How is it that fertilized chicken eggs manage to resist fracture from the outside, while at the same time, are weak enough to break from the inside during chick hatching? It's all in the eggshell's nanostructure, according to a new study led by McGill University scientists.
The findings could have important implications for food safety in the agro-industry.
Birds have benefited from millions of years of evolution to make the perfect eggshell, a thin, protective biomineralized chamber for embryonic growth that contains all the nutrients required for the growth of a baby chick. The shell, being not too strong, but also not too weak (being "just right" Goldilocks might say), is resistant to fracture until it's time for hatching.
But what exactly gives bird eggshells these unique features?
To find out, Marc McKee's research team in McGill's Faculty of Dentistry, together with Richard Chromik's group in Engineering and other colleagues, used new sample-preparation techniques to expose the interior of the eggshells to study their molecular nanostructure and mechanical properties.
"Eggshells are notoriously difficult to study by traditional means, because they easily break when we try to make a thin slice for imaging by electron microscopy," says McKee, who is also a professor in McGill's Department of Anatomy and Cell Biology.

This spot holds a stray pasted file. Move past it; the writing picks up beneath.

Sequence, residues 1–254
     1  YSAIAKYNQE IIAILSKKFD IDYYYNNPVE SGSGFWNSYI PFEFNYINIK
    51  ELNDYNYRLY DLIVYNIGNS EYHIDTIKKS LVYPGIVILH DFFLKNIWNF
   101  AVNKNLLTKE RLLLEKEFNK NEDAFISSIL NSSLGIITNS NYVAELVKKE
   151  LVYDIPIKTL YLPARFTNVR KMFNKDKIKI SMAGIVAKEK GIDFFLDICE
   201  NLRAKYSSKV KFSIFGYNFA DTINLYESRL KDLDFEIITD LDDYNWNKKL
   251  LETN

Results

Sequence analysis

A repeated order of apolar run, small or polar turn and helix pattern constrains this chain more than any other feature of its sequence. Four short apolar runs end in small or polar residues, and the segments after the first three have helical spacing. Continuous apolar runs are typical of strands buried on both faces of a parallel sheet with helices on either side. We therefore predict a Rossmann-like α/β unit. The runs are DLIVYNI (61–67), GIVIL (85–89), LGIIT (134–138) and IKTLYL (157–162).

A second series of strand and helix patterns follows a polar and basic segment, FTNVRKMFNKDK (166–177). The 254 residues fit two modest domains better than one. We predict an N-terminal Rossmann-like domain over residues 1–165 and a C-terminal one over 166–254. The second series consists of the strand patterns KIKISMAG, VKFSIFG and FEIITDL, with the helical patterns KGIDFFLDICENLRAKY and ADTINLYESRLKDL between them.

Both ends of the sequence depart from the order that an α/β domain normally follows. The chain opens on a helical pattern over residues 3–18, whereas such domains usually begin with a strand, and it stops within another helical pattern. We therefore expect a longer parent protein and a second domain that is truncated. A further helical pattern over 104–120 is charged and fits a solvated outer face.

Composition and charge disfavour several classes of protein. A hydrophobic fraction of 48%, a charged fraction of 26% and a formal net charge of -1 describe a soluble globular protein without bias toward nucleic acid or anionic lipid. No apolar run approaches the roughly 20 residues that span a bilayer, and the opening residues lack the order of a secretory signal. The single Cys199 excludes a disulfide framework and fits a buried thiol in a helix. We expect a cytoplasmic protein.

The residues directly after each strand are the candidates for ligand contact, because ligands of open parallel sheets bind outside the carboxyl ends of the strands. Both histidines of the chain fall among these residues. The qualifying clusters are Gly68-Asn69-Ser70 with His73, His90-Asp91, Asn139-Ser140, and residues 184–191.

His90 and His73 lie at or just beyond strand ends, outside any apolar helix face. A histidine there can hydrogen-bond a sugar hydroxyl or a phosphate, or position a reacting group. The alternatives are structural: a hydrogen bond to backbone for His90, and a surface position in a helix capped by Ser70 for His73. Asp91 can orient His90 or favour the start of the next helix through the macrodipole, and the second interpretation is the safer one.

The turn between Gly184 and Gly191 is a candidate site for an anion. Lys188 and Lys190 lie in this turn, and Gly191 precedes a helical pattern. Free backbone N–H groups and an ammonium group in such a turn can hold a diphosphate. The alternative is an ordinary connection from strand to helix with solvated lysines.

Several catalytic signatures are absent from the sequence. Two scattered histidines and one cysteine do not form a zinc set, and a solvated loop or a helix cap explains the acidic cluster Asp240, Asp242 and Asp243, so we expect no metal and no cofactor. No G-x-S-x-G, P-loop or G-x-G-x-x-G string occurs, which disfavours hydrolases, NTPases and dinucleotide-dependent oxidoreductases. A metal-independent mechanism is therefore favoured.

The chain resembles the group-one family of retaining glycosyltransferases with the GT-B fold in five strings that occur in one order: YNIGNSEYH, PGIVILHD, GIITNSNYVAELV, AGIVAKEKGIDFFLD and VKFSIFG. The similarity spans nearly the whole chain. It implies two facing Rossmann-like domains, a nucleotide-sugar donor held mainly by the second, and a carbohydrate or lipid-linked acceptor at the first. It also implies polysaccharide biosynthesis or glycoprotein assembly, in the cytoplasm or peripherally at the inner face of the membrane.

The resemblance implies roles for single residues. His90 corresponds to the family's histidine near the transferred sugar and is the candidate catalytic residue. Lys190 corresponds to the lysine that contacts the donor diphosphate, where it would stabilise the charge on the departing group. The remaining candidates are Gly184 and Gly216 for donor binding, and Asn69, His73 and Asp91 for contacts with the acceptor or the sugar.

"Thanks to a new focused-ion beam sectioning system recently obtained by McGill's Facility for Electron Microscopy Research, we were able to accurately and thinly cut the sample and image the interior of the shell."
Eggshells are made of both inorganic and organic matter, this being calcium-containing mineral and abundant proteins. Graduate student Dimitra Athanasiadou, the study's first author, found that a factor determining shell strength is the presence of nanostructured mineral associated with osteopontin, an eggshell protein also found in composite biological materials such as bone.
A glimpse into egg biology
The results also provide insight into the biology and development of chicken embryos in fertilized and incubated eggs. Eggs are sufficiently hard when laid and during brooding to protect them from breaking. As the chick grows inside the eggshell, it needs calcium to form its bones. During egg incubation, the inner portion of the shell dissolves to provide this mineral ion supply, while at the same time weakening the shell enough to be broken by the hatching chick. Using atomic force microscopy, and electron and X-ray imaging methods, Professor McKee's team of collaborators found that this dual-function relationship is possible thanks to minute changes in the shell's nanostructure that occurs during egg incubation.
In parallel experiments, the researchers were also able to re-create a nanostructure similar to that which they discovered in the shell by adding osteopontin to mineral crystals grown in the lab. Professor McKee believes that a better understanding of the role of proteins in the calcification events that drive eggshell hardening and strength through biomineralization could have important implications for food safety.
"About 10-20% of chicken eggs break or crack, which increases the risk of Salmonella poisoning," says McKee. "Understanding how mineral nanostructure contributes to shell strength will allow for selection of genetic traits in laying hens to produce consistently stronger eggs for enhanced food safety."